No state funds for Fort Meade transit projects

Arundel needs $5 billion for worker influx

October 19, 2007|By Phillip McGowan | Phillip McGowan,SUN REPORTER

No state funding is available to build road, bus and parking projects around Fort Meade to support the influx of thousands of new workers, the state's transportation secretary told Anne Arundel County officials and lawmakers this week.

As the state pushes ahead with widening a 1 1/2 -mile stretch of Baltimore-Washington Parkway near BWI-Marshall Airport and replacing a bridge near National Business Park at the Anne Arundel-Howard County line, there is little money in the six-year capital budget to do anything else but preserve infrastructure in Anne Arundel or statewide.

"Our backs are against the wall," Transportation Secretary John D. Porcari said after his formal remarks Monday afternoon on the draft Consolidated Transportation Program. "The real concern is that many of these worthy projects can't be funded."

They include a five-mile reconstruction of Route 175 near Fort Meade; a two-mile widening of Route 198, also near the Army post; a nine-mile overhaul of Route 3 from Gambrills to the Prince George's County line; a 2,500-car parking garage at the Odenton MARC station; and a transit facility near Tipton Airport to ferry commuter buses.

In all, county officials say they need $5 billion to build the transportation infrastructure to handle 22,000 workers coming to Fort Meade within five years. But state officials reiterated yesterday that without a $400 million annual increase to the Transportation Trust Fund, as called for last month by Gov. Martin O'Malley, they cannot afford to meet these demands and others around Maryland.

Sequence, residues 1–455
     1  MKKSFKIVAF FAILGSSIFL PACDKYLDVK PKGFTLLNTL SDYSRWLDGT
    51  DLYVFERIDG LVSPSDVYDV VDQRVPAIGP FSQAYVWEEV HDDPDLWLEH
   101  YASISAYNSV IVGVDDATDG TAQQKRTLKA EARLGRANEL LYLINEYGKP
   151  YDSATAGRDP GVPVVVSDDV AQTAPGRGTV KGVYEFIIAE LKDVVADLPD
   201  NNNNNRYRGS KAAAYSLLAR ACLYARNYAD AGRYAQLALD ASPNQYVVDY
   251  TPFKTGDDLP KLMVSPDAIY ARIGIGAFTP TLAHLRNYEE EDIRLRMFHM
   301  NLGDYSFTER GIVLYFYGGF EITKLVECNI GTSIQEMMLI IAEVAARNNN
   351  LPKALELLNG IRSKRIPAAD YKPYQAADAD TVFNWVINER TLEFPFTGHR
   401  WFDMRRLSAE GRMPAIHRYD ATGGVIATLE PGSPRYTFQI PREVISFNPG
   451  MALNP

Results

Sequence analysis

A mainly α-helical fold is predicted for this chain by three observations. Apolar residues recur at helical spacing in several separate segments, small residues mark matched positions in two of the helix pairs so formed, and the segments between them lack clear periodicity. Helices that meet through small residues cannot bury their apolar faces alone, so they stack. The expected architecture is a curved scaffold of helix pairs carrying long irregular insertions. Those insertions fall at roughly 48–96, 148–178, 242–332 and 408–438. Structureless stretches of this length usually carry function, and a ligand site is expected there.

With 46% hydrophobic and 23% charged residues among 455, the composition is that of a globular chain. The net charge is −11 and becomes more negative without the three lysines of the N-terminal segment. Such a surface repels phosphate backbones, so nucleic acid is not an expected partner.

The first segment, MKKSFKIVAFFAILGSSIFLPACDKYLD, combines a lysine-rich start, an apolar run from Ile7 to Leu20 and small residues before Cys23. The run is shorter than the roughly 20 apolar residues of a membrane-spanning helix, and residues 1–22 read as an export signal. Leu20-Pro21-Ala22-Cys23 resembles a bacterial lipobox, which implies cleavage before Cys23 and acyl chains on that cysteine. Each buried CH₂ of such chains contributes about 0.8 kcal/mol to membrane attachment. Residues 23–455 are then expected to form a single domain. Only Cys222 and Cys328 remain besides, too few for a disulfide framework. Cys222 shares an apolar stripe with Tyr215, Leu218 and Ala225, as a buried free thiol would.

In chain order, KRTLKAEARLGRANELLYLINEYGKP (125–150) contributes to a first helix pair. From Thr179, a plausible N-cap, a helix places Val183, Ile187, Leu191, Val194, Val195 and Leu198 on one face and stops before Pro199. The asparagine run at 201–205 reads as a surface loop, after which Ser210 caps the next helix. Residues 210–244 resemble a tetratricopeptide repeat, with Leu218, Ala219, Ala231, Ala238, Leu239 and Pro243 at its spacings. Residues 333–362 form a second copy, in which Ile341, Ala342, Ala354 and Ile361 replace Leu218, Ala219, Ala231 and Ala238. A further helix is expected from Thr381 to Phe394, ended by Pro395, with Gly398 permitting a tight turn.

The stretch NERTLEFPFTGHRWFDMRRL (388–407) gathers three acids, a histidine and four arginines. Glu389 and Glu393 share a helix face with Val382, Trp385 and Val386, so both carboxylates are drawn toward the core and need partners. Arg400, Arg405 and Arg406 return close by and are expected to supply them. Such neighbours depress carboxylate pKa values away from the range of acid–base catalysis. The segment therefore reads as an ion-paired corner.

Porcari said a revenue increase, such as raising the state gasoline tax, is needed to "maintain and improve our system."

O'Malley has called for a special session of the General Assembly, set for Oct. 29, to address several tax increases proposed by the governor. The gas tax, which has not been raised since 1993, is not slated to be under consideration. State officials said the gas tax could go up by 2009 if the lawmakers approve an increase to the trust fund.

Sen. James E. DeGrange Sr., Democratic chairman of a subcommittee that deals with public safety, transportation and environmental issues, said it would be an "easier sell" to raise taxes for transportation than for tackling the $1.7 billion structural deficit.

"It's something people can see and feel," he said. "People know when they are riding on a good road."

County Executive John R. Leopold, a Republican, said the state's transportation demands justify higher taxes.

But Leopold reiterated his call for a "constitutional firewall" to restore public trust that the Transportation Trust Fund will be used for what it has been intended. Previous governors have drawn hundreds of millions of dollars from that fund to help balance the state budget.

"Any hope of achieving any bipartisan support must start with strong support for a constitutional amendment for this firewall," Leopold said.

Transportation officials are announcing the draft capital budget in each of the state's 24 major jurisdictions. Monday's presentation marked the ninth given since mid-September.

phill.mcgowan@baltsun.com

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